Dark Mode is the new, well, black. Sites, apps, and operating systems have been rushing to implement dark mode, and OnMSFT.com brought you our own version a few months ago, after having an earlier version go dormant for a time.
Turns out that’s not ideal. For one thing, there’s the whole thing with cookies and privacy. The only thing our cookie stored was your dark mode preferences, but still, it’s better for us not to store anything at all on your browser.
Another problem with cookies has to do with WordPress and caching. We use a plugin called “W3 Total Cache,” but the problem exists with other caching plugins. Basically, cached pages may or may not be cached in dark mode, making for a less than ideal experience. So in order to optimize the dark mode experience, we’ve been running with page caching off (we still made use of caching, just not page caching).
Enter prefers-color-scheme. Thanks to a fairly new CSS Media Query, WordPress now able to detect (without a cookie) your system preferences and/or browser preferences and set dark mode accordingly. This new feature is available in Chrome (version 76 and up), Edge Chromium, Firefox, and Safari.
To set your system-wide dark mode settings
On Windows 10, go to Settings>Personalization>Colors>Choose your color>Custom/Light/Dark.
In MacOS, it’s System Preferences>General>Appearance
On iOS 13, it’s Settings>Display & Brightness>Light/Dark/Automatic
On Android (9.0 and up) it’s Settings>Display>Advanced>Light/Dark/Automatic
In short, if your system is set to use dark mode (Windows, Mac, Android, iOS), the media query will detect that and change OnMSFT to match.
In addition, in Edge Chromium, you can set the browser to override the system settings (Settings >Appearance>Theme>Light/Dark/System Default). With that set, even if your OS is set to Dark, you can set your browsing experience to light mode, and OnMSFT (and any other sites that use prefers-color-scheme) will respect that.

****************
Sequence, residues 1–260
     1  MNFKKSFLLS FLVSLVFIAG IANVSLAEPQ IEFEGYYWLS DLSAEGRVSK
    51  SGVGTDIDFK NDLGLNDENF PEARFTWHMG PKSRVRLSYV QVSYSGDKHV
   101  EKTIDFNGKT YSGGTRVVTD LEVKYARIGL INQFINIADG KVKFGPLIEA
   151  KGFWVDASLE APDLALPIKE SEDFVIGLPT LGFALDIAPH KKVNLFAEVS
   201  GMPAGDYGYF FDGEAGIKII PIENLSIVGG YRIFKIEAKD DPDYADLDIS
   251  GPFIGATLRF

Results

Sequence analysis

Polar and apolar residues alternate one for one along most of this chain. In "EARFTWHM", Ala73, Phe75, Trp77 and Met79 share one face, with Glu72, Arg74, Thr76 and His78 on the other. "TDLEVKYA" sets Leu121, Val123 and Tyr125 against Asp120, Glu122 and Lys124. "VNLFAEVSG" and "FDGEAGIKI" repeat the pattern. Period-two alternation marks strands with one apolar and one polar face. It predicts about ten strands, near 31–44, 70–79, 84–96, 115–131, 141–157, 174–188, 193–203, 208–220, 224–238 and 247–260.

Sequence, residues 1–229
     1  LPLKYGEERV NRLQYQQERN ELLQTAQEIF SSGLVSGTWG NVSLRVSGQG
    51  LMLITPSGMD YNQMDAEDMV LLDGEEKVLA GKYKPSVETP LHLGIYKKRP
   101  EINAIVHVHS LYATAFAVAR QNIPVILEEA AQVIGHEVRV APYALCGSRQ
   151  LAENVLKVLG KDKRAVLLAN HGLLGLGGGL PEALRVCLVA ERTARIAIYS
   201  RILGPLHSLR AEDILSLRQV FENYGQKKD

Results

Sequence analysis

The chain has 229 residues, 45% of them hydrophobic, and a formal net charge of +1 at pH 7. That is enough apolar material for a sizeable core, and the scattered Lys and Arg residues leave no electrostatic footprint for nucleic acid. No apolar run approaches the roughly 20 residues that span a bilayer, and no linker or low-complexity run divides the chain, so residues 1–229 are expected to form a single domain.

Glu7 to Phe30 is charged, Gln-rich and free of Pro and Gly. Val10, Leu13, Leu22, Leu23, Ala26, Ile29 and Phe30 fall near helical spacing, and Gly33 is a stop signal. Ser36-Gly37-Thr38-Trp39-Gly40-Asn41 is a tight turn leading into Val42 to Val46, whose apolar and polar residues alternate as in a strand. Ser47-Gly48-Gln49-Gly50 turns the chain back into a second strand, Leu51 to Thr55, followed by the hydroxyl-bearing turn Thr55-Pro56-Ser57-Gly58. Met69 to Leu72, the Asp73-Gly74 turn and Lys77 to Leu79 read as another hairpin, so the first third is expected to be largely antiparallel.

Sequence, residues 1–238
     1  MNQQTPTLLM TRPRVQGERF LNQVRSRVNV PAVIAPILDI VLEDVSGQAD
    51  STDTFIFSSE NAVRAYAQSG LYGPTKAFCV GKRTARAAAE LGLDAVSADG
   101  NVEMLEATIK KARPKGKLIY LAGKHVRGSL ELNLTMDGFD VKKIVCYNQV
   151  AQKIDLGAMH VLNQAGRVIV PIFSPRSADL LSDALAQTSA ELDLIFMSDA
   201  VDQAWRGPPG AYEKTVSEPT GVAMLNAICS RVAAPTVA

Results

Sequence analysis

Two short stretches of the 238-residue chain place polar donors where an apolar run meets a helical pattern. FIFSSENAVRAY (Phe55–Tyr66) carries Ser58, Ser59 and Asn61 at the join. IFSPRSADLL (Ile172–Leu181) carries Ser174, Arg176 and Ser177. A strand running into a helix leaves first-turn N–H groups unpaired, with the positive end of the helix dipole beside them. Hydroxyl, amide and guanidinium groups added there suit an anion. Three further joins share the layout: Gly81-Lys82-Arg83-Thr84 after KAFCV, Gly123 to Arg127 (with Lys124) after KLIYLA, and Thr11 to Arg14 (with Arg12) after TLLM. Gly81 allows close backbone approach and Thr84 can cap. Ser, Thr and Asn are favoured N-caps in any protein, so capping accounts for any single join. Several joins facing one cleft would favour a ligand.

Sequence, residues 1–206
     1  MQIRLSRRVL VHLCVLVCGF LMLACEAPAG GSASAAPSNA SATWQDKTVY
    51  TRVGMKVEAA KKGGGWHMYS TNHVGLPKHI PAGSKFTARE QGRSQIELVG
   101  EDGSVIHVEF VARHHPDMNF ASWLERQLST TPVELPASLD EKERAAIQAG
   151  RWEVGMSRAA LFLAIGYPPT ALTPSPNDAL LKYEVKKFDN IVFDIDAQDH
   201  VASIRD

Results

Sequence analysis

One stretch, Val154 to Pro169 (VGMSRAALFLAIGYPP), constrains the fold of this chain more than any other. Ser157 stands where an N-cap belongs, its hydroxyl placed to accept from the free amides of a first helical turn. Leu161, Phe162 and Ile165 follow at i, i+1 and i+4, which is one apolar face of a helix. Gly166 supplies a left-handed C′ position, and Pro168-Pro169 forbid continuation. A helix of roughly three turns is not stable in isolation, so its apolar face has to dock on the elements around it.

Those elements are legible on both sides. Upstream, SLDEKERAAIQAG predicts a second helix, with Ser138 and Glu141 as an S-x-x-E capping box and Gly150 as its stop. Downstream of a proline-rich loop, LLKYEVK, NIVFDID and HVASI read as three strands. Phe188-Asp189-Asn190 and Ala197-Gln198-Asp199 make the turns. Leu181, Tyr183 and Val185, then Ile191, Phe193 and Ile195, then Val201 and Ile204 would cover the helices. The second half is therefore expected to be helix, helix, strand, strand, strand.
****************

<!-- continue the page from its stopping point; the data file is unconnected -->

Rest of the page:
Firefox has similar settings, in Options>General>Language and Appearance>Colors. From there, you can set your colors, or “Use system colors”. Chrome (76 and up) respects system Dark Mode settings, but doesn’t allow you to override them for just the browser.
If you’re interested, you can learn a lot more about dark mode and prefers-color-scheme in an excellent post by Google’s Thomas Steiner. Microsoft has been doing a lot of work on dark mode, too. You can read what the Outlook mobile team has been doing in this post on Medium.
What this means for you is OnMSFT will follow your system and browser preferences without having to explicitly set a light or dark mode and remember that setting. We’ve removed the code that read the cookie we stored, you can remove it if you’d like, and still get OnMSFT.com in dark mode. What it means for us is we’ll be able to cache pages again, making OnMSFT a bit faster with a bit less stress on our server.
Finally, we made a few changes to our Dark Mode CSS itself, cleaning up some legacy code in the process. Hope you enjoy OnMSFT.com Dark Mode v2, let us know what you think in the commentsFurther reading: Dark Mode, OnMSFT